Abolishing Freedom: A Plea for a Contemporary Use of Fatalism

Today freedom has become a signifier of oppression. In this historical situation fatalism is the only possible stance that allows us to think freedom without being indifferent. We must affirm the position of a comic fatalism, whose slogans are:

Start by expecting the worst!

Act as if you did not exist!

Act as if you were not free!

Act in such a way that you accept the struggle you cannot flee from!

Act in such a way that you never forget to imagine the end of all things!

Act as if the apocalypse has already happened!

Act as if everything were always already lost!

Act as if you were dead!

Act as if you were an inexistent woman!

 

Praise

“This is an utterly captivating, smart, provocative book—compelling in its argument, fascinating in its detail, sobering in its implications. Absolutely exhilarating.”

-- Rebecca Comay, University of Toronto

“Appropriating it as a natural right, a possession that can be taken away, the sign of the subject's sovereignty, liberalism has given freedom a bad name. Yet how to think without acknowledging the fact of freedom. In his delightful book, Ruda shows us the way. Reducing the liberal edifice to rubble, he rescues a freedom that is in no way ad libitum.”

-- Joan Copjec, Brown University

“In Abolishing Freedom Ruda develops a remarkable reading of fatalism and of its inherent liberating powers. One should point out the intriguing choice of authors through which Ruda discusses the logic and merits of fatalism: Luther, Descartes, Kant, Hegel and Freud. These names and their combination promise a lot: not only an extremely interesting reading, but also a genuinely original concept of fatalism. Ruda’s book more than lives up to this promise.”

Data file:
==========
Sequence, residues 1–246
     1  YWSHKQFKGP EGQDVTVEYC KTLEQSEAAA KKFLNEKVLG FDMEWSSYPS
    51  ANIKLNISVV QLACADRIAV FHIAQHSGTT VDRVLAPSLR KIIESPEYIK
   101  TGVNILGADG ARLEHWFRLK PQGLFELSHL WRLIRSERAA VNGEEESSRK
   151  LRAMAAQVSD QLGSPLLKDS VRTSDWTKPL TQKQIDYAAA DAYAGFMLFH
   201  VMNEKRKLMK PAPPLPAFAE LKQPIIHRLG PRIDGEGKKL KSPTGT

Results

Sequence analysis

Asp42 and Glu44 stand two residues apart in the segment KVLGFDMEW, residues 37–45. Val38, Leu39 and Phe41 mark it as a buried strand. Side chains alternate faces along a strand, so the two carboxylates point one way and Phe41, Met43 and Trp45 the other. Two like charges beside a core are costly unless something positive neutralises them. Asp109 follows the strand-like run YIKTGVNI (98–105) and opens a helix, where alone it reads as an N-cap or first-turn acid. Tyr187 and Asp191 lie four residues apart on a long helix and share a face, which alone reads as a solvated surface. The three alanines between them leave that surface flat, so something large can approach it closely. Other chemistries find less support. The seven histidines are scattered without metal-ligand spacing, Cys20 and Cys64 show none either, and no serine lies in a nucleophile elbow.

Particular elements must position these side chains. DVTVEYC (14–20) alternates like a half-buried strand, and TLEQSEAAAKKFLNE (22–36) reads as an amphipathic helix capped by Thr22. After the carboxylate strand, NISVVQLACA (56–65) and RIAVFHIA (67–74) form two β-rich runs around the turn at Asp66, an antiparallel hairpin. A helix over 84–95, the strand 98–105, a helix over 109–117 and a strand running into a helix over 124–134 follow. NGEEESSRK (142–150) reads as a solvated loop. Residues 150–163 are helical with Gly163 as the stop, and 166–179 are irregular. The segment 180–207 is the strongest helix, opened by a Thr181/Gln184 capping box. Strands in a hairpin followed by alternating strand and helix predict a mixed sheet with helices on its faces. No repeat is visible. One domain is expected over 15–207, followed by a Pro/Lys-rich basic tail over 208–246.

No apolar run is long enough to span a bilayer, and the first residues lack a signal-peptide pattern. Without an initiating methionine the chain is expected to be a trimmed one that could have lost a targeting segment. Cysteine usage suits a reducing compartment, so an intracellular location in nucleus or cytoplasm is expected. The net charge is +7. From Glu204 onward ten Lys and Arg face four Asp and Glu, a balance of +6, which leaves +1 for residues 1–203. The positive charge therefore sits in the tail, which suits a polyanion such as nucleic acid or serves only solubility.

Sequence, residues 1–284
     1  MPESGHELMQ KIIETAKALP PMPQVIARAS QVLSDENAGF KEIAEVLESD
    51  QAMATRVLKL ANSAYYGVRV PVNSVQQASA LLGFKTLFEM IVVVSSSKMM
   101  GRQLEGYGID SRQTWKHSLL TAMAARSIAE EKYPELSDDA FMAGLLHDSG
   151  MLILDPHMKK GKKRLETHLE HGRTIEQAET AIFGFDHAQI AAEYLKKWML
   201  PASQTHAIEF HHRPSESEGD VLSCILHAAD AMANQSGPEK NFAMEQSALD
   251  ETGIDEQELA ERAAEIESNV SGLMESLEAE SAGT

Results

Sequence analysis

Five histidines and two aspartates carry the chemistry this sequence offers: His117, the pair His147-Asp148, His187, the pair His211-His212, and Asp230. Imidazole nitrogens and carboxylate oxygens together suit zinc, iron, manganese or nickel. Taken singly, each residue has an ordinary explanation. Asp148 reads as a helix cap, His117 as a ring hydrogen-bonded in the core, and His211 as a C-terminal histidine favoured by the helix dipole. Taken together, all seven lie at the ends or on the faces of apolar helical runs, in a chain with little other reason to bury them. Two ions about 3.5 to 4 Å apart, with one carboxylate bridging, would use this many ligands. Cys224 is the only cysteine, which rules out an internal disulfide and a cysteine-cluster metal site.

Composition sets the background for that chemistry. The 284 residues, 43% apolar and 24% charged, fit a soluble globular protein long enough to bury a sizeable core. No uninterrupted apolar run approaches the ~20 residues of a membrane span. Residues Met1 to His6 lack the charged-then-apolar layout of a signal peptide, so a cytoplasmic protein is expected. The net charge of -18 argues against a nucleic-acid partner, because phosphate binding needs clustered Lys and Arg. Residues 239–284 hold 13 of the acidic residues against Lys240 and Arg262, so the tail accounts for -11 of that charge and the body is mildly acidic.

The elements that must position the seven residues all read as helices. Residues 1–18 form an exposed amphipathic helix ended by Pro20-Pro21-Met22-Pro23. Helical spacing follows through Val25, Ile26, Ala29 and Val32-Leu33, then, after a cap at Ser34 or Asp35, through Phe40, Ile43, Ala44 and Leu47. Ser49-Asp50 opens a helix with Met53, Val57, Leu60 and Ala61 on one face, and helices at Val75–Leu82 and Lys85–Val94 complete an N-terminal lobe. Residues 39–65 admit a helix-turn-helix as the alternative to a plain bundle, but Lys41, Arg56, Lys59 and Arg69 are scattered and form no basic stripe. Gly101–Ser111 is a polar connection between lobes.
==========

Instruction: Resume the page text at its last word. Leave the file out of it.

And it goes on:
-- Alenka Zupančič, Slovenian Academy of Sciences and Art

“What if fatalism and freedom are not simply opposed, what if the highest freedom is its self-abolishing through the act of freely assuming one’s fate? The main points of reference in Frank Ruda’s exploration of this profound Hegelian idea are Descartes, Lacan and Badiou. However, at a deeper level, the book is about the fundamental deadlock of our allegedly liberal-permissive societies. Abolishing Freedom is not only the very acme of today’s philosophy, but much more – it is a book for everyone who is tired of all the ideological babble about freedom of choice.”

-- Slavoj Žižek, University of Ljubljana

Author Bio

Frank Ruda is an interim professor for the philosophy of audiovisual media at the Bauhaus University in Weimar, Germany, and a visiting lecturer at Slovenian Academy of Sciences and Arts. He is the author of Hegel’s Rabble: An Investigation into Hegel’s Philosophy of Right (Bloomsbury, 2013) and For Badiou: Idealism without Idealism (Northwestern University Press, 2015).